Ocean’s Eleven, though a very different type of movie, has many of the same problems, which ultimately reduce to one: a script by a relatively inexperienced writer (Ted Griffin) whose sensibility doesn’t seem to extend much beyond television. Like its prototype, which I haven’t seen, the film is a heist comedy-drama about a team of 11 criminals attempting to knock over several Las Vegas casinos at once. Significantly, the angle of attack is very pre-Taliban–oops, that was a typo, I mean pre-Tarantino.
Here’s how Soderbergh explains what he was up to: “When I say Ocean’s Eleven is a throwback to an earlier period in cinema, I mean that the movie is never mean, it’s never gratuitous, nobody is killed, nobody is humiliated for no reason or is the butt of a joke. … I wanted it to be a sort of light entertainment and I didn’t think darker or meaner ideas had a place. … I wanted it to be sparkling.”
As far as I’m concerned, those ambitions are entirely commendable. Problem is, if you want to dispense with the bullets and the brass knuckles and have a crime film work on charm alone, well, it had be better be charming. And Ocean’s Eleven isn’t. Instead, it is well-tooled but flat. It goes about its entertainment chores in an earnest, over-elaborate way that, like Traffic, seems to confuse complexity with worth. It sparkles mainly on the technical level.
Instead of compelling characters, it has a stellar cast. George Clooney plays Danny Ocean, a thief who gets released from prison and immediately begins planning his biggest crime ever, one so difficult that it demands a team of criminal experts. So he sets about recruiting, and ends up with a crew that includes Brad Pitt as a card sharp, Matt Damon as a pickpocket, Don Cheadle (sporting a lame Cockney accent) as a demolitions expert, Casey Affleck and Scott Caan as a pair of auto techies, Elliott Gould as an ex-casino owner, Carl Reiner as a retired con artist, and so on. Since most name actors now want to work with Soderbergh, and will do so for a fraction of their normal fees, he also managed to sign up Julia Roberts as Danny’s estranged wife and Andy Garcia as the Las Vegas kingpin whose cash reserves are the scheme’s target.
Now, all those actors playing underworld specialists sounds like it ought to be fun in a Batman kind of way, or perhaps a Mission: Impossible way. (I’m thinking more the ’60s TV shows than the more recent movies.) That is, it might have a kind of cartoonish exaggeration or, alternately, it could enmesh us in the nuts and bolts of how master criminals go about their business. But Griffin’s script does neither. Oh, it clearly delineates its many characters (an admitted feat that is, again, mainly technical) and unfolds the heist from introduction through completion, but there’s no special spin or flavor to any of this. It reminded me of the proverbial main difference between this sort of movie a generation or two ago and today. Back when, the screenwriter would do his homework by studying how criminals execute a heist. Today, writers study other heist movies. That helps explain Ocean’s Eleven‘s you’ve-seen-it-before feel: You have seen it before, and so has the writer.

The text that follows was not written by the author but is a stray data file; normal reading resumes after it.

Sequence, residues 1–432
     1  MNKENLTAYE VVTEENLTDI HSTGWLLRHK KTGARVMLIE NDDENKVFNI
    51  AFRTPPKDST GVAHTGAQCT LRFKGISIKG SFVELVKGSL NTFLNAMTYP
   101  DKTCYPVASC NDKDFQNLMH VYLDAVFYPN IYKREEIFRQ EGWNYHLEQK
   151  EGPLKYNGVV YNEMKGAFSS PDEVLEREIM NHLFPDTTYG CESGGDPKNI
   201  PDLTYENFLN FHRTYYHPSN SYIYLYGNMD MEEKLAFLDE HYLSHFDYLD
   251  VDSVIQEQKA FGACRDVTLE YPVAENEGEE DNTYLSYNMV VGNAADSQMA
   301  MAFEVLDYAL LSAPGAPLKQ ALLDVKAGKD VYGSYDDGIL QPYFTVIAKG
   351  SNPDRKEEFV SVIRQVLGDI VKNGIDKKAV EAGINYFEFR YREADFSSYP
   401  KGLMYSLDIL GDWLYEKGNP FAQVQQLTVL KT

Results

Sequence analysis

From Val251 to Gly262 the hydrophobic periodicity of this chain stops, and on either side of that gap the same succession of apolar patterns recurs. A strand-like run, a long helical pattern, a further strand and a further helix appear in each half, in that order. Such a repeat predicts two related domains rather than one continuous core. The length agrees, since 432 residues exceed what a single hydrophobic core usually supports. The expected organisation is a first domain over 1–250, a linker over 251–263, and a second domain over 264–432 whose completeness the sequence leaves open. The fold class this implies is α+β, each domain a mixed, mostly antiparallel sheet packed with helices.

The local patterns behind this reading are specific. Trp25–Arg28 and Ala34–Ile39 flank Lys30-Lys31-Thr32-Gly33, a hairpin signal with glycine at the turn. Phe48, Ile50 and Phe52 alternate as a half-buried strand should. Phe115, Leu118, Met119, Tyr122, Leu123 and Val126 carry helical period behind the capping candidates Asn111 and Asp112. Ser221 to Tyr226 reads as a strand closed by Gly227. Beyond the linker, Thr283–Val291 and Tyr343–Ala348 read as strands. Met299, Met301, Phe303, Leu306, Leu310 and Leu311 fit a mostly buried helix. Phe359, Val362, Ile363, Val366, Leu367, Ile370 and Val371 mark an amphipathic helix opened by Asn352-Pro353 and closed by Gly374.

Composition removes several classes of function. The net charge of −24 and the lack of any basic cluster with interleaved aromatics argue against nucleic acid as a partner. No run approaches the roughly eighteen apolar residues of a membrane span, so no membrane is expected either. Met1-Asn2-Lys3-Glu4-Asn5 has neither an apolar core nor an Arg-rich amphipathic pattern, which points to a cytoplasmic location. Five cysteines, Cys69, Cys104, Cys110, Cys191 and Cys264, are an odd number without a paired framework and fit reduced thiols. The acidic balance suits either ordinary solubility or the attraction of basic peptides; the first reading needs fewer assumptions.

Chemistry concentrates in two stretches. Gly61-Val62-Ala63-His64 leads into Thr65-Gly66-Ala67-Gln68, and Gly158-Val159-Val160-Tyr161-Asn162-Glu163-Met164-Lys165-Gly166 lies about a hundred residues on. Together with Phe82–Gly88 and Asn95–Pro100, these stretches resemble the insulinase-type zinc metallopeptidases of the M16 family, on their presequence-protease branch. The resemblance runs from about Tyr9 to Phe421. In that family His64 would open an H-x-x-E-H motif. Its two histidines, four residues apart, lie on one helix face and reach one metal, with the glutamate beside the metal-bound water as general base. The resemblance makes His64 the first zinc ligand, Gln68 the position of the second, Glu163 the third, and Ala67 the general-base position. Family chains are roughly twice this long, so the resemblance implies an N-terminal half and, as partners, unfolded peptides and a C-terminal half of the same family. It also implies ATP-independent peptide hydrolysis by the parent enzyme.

Ocean’s Eleven would like to be The Sting but ends up the kind of film that washes out of your memory before the end credits finish. On paper, surely, it looks like the perfect, post-Sept. 11 movie: sheer mindless fun of a very polite and familiar sort. But on the screen it mainly proves that champagne doesn’t work only as a concept, even one with a famous label; it also needs taste and fizz. Most damningly, Soderbergh has said he wanted his actors to have a good time together but “without having it look like they were having more fun making the movie than you are watching it.”
Ultimately, that’s his signal failure. And my feeling was that not just his cast but Soderbergh himself had a lot more fun making the movie than I did watching it. The risk of that, of course, is part of what makes a film geek a film geek. For this type, the fun with the actors, the cool feel of the camera and all the tricks you can now do in the editing room are ends in themselves. Will the audience share the filmmaker’s enthusiasm? Does it matter? To the geek, ultimately, perhaps not. And therein lies the breed’s limits.
In any case, Ocean’s Eleven is the second Soderbergh film in a row that left me wishing he would ally himself with a really accomplished writer, or stumble upon a great script. His talents are too real to be squandered on second-rate material.